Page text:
Review petition of 2012 Delhi gangrape convict among cases in Supreme Court today
On the last day before it goes on vacation, the Supreme Court is scheduled to hear two significant cases on Wednesday.Here is a quick snapshot:2012 Delhi Gangrape CaseA bench comprising Justices R...
On the last day before it goes on vacation, the Supreme Court is scheduled to hear two significant cases on Wednesday.
Here is a quick snapshot:
2012 Delhi Gangrape Case
A bench comprising Justices R Banumathi, Ashok Bhushan and A S Bopanna was constituted on Tuesday evening by the Chief Justice of India S A Bobde to hear the review plea of the death row convict in the 2012 Delhi gangrape case, Akshay Kumar Singh, at 10.30am today.
This comes after Justice Bobde recused himself from the case on Tuesday after he found that one of his relatives had appeared for the victim’s family in the case before.
This is the fourth review petition in the case.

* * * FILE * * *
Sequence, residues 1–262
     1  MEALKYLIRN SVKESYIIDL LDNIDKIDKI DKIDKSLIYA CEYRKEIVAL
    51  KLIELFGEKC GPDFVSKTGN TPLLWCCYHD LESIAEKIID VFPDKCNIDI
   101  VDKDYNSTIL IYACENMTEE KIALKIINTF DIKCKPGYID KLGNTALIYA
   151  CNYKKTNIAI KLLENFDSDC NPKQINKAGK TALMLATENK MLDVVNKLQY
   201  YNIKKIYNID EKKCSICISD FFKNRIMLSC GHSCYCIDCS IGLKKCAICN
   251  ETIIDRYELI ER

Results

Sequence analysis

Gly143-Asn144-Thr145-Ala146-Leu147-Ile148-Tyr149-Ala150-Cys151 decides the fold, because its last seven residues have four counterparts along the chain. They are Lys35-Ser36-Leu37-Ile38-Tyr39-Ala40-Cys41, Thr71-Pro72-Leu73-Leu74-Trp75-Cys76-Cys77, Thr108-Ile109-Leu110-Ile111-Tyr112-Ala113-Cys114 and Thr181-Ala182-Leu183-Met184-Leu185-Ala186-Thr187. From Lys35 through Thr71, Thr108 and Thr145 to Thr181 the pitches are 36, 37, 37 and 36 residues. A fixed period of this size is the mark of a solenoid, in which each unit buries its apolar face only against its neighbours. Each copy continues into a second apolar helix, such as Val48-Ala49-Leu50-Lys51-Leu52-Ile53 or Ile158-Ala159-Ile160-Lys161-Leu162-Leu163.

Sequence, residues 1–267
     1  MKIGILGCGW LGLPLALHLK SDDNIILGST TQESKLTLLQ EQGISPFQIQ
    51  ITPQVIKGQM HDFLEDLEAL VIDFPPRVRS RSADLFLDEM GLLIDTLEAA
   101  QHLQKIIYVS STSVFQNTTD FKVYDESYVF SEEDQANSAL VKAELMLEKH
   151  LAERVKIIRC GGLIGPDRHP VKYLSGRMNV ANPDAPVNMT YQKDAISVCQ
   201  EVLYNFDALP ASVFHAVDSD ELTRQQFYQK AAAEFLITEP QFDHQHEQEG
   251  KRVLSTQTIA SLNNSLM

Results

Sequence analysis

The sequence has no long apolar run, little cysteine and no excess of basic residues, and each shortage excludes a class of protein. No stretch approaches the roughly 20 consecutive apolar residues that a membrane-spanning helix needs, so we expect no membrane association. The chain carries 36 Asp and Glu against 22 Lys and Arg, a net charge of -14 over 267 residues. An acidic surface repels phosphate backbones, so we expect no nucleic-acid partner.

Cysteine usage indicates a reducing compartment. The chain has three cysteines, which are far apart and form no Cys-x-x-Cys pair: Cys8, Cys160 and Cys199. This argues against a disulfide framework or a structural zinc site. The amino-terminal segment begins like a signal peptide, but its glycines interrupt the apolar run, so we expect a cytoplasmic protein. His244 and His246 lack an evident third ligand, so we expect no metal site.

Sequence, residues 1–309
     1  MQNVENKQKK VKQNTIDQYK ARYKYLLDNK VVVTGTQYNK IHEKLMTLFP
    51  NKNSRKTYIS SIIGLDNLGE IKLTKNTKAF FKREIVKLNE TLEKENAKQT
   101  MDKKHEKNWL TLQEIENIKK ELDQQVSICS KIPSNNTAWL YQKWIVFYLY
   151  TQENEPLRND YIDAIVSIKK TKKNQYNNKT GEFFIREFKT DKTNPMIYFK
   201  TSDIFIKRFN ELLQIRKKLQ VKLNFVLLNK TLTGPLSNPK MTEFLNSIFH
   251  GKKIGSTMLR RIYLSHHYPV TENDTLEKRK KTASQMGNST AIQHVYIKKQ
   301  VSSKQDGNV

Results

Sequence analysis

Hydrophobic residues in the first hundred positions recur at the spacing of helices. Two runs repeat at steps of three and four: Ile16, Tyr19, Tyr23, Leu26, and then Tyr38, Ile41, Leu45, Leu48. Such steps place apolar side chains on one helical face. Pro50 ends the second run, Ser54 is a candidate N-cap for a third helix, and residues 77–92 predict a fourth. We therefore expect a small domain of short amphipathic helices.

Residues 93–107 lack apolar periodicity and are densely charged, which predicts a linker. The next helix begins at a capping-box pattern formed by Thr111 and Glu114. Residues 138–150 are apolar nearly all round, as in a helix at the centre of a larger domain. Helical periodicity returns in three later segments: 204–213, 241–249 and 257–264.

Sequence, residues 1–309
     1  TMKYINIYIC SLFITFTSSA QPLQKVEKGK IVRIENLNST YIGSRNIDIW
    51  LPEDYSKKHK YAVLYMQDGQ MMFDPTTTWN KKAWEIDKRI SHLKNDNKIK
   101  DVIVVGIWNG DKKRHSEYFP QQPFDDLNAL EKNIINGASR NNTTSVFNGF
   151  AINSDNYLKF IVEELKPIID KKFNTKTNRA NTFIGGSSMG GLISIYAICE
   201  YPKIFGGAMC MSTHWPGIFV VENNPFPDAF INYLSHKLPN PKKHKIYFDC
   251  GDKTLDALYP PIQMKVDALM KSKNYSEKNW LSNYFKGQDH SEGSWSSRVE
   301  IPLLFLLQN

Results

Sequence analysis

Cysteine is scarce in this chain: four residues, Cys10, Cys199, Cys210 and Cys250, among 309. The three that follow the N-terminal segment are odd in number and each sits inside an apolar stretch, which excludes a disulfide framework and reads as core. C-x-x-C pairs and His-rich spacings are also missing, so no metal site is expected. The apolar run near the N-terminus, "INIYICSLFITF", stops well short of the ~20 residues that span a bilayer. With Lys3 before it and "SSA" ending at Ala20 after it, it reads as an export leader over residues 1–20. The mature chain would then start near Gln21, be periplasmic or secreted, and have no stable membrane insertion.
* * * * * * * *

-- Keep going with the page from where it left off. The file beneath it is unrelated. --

In his review plea, Akshay Kumar Singh has contended that the woman’s dying declaration, had been “contrived” and that it should be “kept out of consideration” and his conviction was secured because of media and political pressure.The top court has already rejected a similar plea filed by Vinay Kumar, Mukesh Singh and Pawan Gupta.
Citizenship Amendment Act
A three-judge bench led by the Chief Justice of India S A Bobde will on Wednesday hear a clutch of 60 petitions filed in the top court challenging the constitutional validity of the recently enacted and controversial law on citizenship - the Constitution Amendment Act 2019. These petitions have been filed by COngress leader Jairam Ramesh, TMC MP Mahua Moitra, social activists, religious bodies and political organisations from the Northeast.
The crux of these petitions is that the new legislation is discriminatory in nature. It discriminates against religiously persecuted Muslim immigrants from Afghanistan, Bangladesh and Pakistan. The petition points out that the Ahmadaiya, Hazaras and Shias too are persecuted. These petitions also question why the new law protects only specific religious minorities.